Zipcar reshapes the rental car industry

A Zipcar is parked at a lot in A Zipcar is parked at a lot in New York. (Jan. 2, 2013) Photo Credit: AP

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Talk about sneaking in the back door to crash the financial fun reserved only for rental-car giants such as Avis, Enterprise, National and Hertz.

Told by many transportation "experts" that their Zipcar plan would never roll, Robin Chase and Antje Danielson still believed a fresh approach to vehicle rental was long overdue. It turns out they were right.

In the span of just 12 years, the women turned their little plan and a modest $75,000 investment into a transportation gold mine that recently sold for half a billion dollars.

Zipcar wasn't a brand new idea; car sharing had been popular in Europe and Canada since the 1990s. Zipcar's success came from fresh technology that helped to rewrite the rental rules by giving drivers the options and freedom never offered before.

Need a BMW only for an afternoon business meeting? Got you covered. How about a pickup truck for a two-hour furniture move? No problem. Need a big wagon for a weekend getaway at the beach? Check that.

"I have a fleet of cars available to me that I can have at my beck and call. And I pay only for what I need," said Chase, explaining that the average vehicle still piles up bills, even as it sits parked for 92 percent of its life. "All those hours with a car sitting idle (with Zipcar), I'm not paying for it."

Situated mainly in densely-populated metropolitan areas, Zipcar - and other car-sharing operations like it - eliminates the long lines and frustration at the rental-car office, and gives its members the grab-and-go convenience of renting a vehicle 24 hours a day, paying only for only as long as needed, and usually with little advance reservation notice.

And with no fuel, insurance or maintenance costs, Zipcar has become a great option for drivers with minimal transportation needs, and those with no interest in the price and parking headaches of vehicle ownership.

According to a story in Time magazine, the average U.S. household paid more than $4,000 gassing up their vehicles last year. Add to the turbulent fuel costs the price of insurance, vehicle payments, maintenance and repair bills, and the annual vehicle cost approaches $9,000.

Launched in January of 2000, the Zipcar fleet has grown from four cars in the Boston area, to more than 11,000 vehicles in 49 U.S. cities, as well as Vancouver and Toronto in Canada, and throughout Europe.

Popularity and profits for Zipcar grew so rapidly - membership has increased from 50,000 six years ago to about 760,000 today - Avis bought the company and its entire car-sharing network in January for $500 million.

"We see car sharing as highly complementary to traditional car rental," said Ronald Nelson, Avis chairman and CEO, "with rapid growth potential."

With the idea of putting the cars on its rental lots at airports, Zipcar has the potential to chew into cab and shuttle-bus revenue as members simply land and drive away. Getting to the airport is just as simple.

How's It Work?

Ease and convenience are the greatest advantages of car sharing, behind the obvious financial savings. Unlike a traditional rental-car office, Zipcar clients climb behind the wheel and drive off the parking lot in seconds with no lines, no waits, no paperwork.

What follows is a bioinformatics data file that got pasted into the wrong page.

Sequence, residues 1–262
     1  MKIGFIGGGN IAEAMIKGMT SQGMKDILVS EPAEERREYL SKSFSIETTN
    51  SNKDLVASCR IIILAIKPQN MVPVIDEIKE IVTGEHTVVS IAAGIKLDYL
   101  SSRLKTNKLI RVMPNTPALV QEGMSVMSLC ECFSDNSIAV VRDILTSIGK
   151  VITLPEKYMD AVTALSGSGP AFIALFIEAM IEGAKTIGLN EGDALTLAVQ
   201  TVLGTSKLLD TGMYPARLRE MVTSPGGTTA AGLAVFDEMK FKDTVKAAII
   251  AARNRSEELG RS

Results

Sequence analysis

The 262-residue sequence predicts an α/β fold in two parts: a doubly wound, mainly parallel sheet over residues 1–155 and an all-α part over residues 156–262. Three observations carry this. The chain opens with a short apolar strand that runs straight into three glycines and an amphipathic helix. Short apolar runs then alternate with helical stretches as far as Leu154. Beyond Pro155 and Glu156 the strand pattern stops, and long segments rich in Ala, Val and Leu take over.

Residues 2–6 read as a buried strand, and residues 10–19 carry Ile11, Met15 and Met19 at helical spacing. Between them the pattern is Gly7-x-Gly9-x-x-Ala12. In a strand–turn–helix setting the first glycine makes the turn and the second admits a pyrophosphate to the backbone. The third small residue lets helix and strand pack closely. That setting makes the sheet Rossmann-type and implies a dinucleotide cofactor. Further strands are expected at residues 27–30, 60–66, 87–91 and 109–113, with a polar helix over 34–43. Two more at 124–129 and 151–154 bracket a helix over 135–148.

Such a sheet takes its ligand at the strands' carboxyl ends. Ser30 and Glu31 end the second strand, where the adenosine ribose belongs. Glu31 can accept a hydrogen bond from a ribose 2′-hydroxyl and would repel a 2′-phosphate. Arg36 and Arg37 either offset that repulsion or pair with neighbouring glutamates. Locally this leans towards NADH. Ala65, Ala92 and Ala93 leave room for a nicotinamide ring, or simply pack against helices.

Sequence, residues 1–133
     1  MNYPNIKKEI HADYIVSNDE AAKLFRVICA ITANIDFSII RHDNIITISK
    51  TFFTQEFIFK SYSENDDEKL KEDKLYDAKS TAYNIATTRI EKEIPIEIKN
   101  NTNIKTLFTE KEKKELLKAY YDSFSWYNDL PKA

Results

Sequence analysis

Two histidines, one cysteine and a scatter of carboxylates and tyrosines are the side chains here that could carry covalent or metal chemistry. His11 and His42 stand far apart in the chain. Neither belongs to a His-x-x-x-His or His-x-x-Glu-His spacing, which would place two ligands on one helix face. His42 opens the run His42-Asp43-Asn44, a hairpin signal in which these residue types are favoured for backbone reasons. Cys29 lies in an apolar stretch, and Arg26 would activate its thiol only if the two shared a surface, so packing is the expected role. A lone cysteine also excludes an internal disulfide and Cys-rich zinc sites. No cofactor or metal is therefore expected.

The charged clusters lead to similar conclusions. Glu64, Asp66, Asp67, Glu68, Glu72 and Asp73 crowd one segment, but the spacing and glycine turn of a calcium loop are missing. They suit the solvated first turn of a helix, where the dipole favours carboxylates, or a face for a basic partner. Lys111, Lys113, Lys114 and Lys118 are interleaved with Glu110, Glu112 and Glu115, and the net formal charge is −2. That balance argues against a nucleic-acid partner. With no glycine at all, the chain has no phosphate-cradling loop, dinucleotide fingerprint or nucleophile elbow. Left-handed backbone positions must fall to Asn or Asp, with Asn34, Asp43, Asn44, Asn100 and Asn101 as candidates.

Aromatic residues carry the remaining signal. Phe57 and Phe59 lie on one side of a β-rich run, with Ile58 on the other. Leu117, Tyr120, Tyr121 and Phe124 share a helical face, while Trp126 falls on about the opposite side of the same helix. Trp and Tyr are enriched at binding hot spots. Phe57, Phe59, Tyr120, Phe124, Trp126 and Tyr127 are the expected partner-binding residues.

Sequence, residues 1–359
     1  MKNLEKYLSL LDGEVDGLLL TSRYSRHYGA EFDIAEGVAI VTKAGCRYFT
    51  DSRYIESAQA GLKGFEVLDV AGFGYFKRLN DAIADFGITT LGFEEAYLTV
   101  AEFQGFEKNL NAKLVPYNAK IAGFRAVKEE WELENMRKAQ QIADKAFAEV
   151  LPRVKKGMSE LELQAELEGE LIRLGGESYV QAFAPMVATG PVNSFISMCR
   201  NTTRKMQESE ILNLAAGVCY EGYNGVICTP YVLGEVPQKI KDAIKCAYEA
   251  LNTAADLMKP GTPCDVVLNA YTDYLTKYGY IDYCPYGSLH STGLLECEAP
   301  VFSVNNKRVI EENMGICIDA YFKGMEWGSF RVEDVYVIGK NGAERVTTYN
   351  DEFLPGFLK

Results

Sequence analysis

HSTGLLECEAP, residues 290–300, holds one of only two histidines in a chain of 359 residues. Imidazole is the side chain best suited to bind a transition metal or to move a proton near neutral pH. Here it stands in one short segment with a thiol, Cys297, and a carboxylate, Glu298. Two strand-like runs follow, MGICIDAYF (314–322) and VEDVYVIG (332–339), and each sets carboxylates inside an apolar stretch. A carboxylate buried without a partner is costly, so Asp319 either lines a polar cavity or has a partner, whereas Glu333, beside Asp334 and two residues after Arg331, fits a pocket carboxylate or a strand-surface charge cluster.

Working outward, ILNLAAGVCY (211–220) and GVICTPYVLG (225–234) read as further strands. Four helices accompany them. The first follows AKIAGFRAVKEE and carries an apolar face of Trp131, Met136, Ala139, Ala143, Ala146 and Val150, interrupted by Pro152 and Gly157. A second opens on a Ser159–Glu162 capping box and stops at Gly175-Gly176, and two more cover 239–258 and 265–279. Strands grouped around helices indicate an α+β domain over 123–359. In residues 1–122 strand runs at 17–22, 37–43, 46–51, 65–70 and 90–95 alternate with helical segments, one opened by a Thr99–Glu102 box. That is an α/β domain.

Members reserve their car by computer, phone, text message or cellular app. Simply fill in the preference blanks - what time, how long, pickup point, type of vehicle - arrive at the Zipcar lot (which might be the most difficult part depending where the lot is) and unlock the doors with a wave the membership card over the scanner. Then grab the keys from the glove box, drive around to complete your business, return the car, scan the card again. Billing is automated and we'll see you next time.

"The rental transaction takes 30 seconds, and the car only opens to the renter," Chase said. "So it's self-service, autonomous, and takes only a few seconds."
Zipcar membership starts with a $25 application fee and a screening review that takes about a week. Driver eligibility varies between countries and car-share companies and commonly include a minimum age, a valid driver's license and a solid driving record.

Most car-sharing companies offer a variety of policies and payment plans to fit a client's driving needs and preferences. Some charge on a pay-as-you go plan, some include a monthly and/or annual fee. Others, like a taxi service, start with a base rate and add fees for every mile or kilometer driven past a specified distance.

In addition to urban areas, Zipcar has also become widely popular on college campuses, where driving demands for students are few and vehicle ownership is more of a luxury than a necessity.

According to a Zipcar representative at the University of Notre Dame - one of about 200 college campuses around the world that hosts a car-sharing outpost -- vehicles rent for about $9 an hour and $80 a day (any 24-hour period). The first 180 miles are "free" with a 40-cent-per-mile charge beyond that.

The per-hour and per-mile fees seem high at first glance, but considering there are no residual costs such as refueling or insurance - and that the minimum period is less than the standard rental of 24 hours - the savings can add up quickly for the right kind of driver.

If you commute to work daily, serve as the family chauffer, drive long distances or live in a rural area, car sharing is not a viable transportation option compared to the obvious advantages of vehicle ownership.

But if driving needs are minimal, and the cost of car sharing outweighs the price of ownership, then this latest transportation option might be perfect choice.

"It's like the car you always wanted that your mom said you couldn't have," Chase said. "All the good stuff, and none of the bad."

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